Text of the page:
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How investors buy property portfolios without negative gearing

Negative gearing may be up for change, with Malcolm Turnbull warning it could lead to house prices being “smashed”, but some investors have never relied on tax breaks to build their portfolios.

Barry Woollam, 35, has a $4.5 million portfolio covering 10 properties across Queensland, Victoria and NSW. They’re all neutrally geared – his rental income is paying his portfolio off and taking no out of pocket costs.

He’s one of many more investors who will increasingly turn away from higher priced low yielding homes as politicians argue the finer details of investor taxation benefits.

Barry Woollam has actively avoided negatively gearing his properties. Photo: Daniel Munoz

Labor’s election promise is to slash negative gearing on existing properties for investors and a reduction of the Capital Gains Tax discount, while Treasury is considering a universal cap on income deductions applying to negative gearing.

A cap of $50,000 or 25 per cent of income, whichever is greater, would affect only 0.9 per cent of landlords, 2010-11 figures show.

A lower cap of $12,500 would affect 9 per cent of landlords.

As a neutrally geared investor it’s unlikely Mr Woollam, or other similar investors in the growing group of cash-flow hunting property buyers, would be affected.

“It has never been hugely negatively geared as I didn’t want it to impact on my family’s life,” Mr Woollam said.

“I want to replace my salary with cash flow and you can’t do that and negatively gear,” he said.

“With negative gearing, you make a lump sum when you sell or hope for it to become positively geared over time.”

Using renovations and value adding strategies he has managed to pull equity out of his home and other investments to fund the portfolio, now $2.55 million in total debt.

“I think there are a lot of people negatively gearing as a tax offset but I’ve got my portfolio, I’m adding value and my absolute last case scenario is to sell,” he said.

By purchasing in lower-priced areas, often seen as first home buyer locations such as Ingleburn in Sydney, he has been able to build his portfolio without affecting his day to day expenses.

Mr Woollam says he has been able to build his portfolio without affecting his day to day expenses. Photo: Daniel Munoz

Mr Woollam says he has been able to build his portfolio without affecting his day to day expenses. Photo: Daniel Munoz

In fact, the majority of investors do not rely heavily on negative gearing, Property Tax Accountants’ Shukri Barbara said.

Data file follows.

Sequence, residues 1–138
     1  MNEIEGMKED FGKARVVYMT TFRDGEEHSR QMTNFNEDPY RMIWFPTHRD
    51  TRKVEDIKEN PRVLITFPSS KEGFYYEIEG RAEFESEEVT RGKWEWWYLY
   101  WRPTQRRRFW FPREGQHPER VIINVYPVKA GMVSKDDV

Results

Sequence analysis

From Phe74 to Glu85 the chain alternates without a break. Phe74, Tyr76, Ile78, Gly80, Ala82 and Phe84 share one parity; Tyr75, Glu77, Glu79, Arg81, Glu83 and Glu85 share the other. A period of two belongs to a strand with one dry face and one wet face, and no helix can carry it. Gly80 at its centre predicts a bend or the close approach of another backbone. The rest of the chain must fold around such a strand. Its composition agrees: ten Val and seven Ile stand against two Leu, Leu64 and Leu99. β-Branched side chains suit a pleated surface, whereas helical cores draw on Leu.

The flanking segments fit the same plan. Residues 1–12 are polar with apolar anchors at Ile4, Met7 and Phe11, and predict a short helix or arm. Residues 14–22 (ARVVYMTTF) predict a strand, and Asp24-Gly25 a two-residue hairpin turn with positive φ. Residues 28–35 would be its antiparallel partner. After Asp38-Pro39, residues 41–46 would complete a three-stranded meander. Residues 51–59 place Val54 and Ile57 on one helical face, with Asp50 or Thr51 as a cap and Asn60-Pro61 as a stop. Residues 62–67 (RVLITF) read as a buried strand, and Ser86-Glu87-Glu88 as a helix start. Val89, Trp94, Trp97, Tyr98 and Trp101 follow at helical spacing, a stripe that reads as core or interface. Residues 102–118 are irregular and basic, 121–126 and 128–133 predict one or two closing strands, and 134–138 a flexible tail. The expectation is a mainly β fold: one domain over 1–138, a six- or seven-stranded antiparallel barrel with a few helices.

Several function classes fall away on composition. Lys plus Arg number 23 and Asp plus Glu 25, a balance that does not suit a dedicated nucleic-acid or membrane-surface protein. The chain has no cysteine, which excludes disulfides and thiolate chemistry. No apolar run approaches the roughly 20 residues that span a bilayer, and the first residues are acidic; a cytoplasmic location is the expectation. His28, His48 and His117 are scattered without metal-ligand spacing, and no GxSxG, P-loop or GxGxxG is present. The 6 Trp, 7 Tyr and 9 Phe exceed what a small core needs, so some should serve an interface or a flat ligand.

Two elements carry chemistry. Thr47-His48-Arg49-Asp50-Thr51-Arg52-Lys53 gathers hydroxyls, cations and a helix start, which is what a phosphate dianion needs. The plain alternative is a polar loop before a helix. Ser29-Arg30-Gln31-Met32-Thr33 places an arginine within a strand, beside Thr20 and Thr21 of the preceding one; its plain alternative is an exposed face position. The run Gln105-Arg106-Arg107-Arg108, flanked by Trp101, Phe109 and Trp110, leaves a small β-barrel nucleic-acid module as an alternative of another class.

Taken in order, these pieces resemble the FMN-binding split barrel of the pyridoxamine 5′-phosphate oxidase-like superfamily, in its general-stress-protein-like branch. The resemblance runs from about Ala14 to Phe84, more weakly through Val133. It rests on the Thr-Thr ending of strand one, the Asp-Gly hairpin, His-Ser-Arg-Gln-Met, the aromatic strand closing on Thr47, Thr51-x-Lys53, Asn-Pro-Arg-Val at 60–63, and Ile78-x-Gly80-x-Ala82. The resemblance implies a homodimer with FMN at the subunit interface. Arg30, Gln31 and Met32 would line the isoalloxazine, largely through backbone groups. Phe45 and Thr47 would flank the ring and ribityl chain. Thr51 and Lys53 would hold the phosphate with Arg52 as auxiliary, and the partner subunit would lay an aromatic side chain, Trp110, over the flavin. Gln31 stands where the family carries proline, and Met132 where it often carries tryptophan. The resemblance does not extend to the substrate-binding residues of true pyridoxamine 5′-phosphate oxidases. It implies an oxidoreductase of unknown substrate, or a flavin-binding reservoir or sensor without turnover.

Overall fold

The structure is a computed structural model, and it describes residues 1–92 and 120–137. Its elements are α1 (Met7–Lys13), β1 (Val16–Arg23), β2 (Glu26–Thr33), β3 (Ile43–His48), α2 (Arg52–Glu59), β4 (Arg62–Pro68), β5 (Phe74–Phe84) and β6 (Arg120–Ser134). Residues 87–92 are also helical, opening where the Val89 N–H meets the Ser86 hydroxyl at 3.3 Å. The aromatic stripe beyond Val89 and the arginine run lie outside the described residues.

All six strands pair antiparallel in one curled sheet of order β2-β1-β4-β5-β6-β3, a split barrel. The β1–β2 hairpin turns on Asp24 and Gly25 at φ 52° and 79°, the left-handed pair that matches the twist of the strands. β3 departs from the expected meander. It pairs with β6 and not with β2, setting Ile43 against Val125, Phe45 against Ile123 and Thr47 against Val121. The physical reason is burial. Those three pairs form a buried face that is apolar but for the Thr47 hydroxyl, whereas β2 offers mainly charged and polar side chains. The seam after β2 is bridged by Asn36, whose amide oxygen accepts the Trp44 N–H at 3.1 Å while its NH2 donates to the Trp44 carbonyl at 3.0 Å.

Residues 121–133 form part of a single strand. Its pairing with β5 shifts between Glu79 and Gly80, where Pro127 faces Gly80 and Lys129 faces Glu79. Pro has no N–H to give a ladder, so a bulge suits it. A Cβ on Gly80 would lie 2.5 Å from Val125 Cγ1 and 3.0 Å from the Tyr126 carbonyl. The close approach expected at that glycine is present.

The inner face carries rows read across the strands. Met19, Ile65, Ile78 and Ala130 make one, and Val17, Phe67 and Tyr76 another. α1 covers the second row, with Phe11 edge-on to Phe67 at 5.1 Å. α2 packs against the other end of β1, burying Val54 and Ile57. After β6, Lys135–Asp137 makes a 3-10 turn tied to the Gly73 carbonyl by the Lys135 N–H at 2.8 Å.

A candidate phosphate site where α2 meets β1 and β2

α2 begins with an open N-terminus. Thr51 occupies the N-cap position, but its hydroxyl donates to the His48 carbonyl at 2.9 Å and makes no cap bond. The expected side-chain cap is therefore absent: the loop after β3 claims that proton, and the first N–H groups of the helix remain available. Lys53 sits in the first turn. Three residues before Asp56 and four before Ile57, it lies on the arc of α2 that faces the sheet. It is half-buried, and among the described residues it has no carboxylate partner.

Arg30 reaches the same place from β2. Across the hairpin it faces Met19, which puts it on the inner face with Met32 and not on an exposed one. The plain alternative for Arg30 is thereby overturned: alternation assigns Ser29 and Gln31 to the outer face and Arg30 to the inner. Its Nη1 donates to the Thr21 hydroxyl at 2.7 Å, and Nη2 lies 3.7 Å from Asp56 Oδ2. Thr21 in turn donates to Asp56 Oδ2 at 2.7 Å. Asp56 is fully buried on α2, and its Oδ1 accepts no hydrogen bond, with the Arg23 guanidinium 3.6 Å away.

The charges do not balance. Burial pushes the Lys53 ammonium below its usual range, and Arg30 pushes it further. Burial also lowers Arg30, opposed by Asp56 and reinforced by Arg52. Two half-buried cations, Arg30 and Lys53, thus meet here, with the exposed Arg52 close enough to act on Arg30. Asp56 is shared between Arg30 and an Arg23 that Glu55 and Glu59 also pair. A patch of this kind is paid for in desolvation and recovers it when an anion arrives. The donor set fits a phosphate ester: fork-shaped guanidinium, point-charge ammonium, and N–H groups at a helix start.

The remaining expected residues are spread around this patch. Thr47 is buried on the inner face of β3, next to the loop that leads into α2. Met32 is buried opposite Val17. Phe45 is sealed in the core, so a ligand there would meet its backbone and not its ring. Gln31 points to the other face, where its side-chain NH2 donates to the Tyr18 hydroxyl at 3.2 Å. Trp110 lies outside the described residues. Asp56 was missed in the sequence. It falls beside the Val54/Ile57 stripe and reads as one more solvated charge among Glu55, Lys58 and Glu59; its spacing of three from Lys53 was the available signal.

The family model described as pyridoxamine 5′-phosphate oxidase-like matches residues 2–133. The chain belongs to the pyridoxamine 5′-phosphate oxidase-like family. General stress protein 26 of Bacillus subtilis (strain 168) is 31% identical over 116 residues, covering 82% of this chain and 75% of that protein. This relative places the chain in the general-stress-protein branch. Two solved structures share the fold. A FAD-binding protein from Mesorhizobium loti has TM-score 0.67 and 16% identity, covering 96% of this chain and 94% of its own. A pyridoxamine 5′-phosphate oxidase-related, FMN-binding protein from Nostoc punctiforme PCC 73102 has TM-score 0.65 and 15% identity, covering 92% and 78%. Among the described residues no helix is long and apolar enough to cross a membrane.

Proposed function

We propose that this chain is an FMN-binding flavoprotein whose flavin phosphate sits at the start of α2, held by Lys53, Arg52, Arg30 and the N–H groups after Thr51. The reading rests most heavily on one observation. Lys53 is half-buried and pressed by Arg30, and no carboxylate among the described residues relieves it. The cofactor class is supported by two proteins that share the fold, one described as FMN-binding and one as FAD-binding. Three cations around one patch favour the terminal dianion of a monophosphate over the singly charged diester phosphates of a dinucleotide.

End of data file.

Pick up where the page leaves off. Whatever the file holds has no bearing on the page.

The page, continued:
Using a sample of 16 of his client’s tax returns, they found $318,000 in total rental losses across the properties, with a tax rate of 40 per cent. The average rental loss per client was $8000, overall working out to $3000 in tax savings per client.

negative gearing

“Many properties are jointly owned by couples,” Mr Barbara said.

“Many times the tax benefits fall when a partner has children and stays home to look after them,” he said.

But, while the year to year income might not be substantial, it may impact on lending even further, Dream Financial’s Paul Bevan said.

“Many lenders have already removed negative gearing benefits from loan serviceability calculations,” he said.

Some have also limited the amount of rental income they will accept.

“So, investors with multiple properties that are negatively geared will face severely restricted serviceability and therefore borrowing capacity,” he said.

Empower Wealth’s Ben Kingsley, chair of the Property Investment Professionals of Australia, said negative gearing “is not an investment strategy”.

“Investing in property is just like investing in shares or any other asset – you are typically investing for one of two things, capital growth or income. No one is investing to make a loss,” Mr Kingsley said.

“The idea that negative gearing is a strategy is false. Every property eventually turns positively geared, in that the income generated by the property is greater than the cost of running it,” he said.

Effectively, negative gearing assists an investors’ bottom line with cash flow.

“A lot of people are looking for income straight away, rather than looking for capital growth, so some investors do start out positively geared,” he said.

In locations with high property value, investors often need to borrow more and will find the rent falling short of their costs so often start negatively geared.

There are suburbs when homes can be bought offering positive cash flow immediately, with “probably up to 20 per cent of investors” buying neutrally or positively geared homes, he said.


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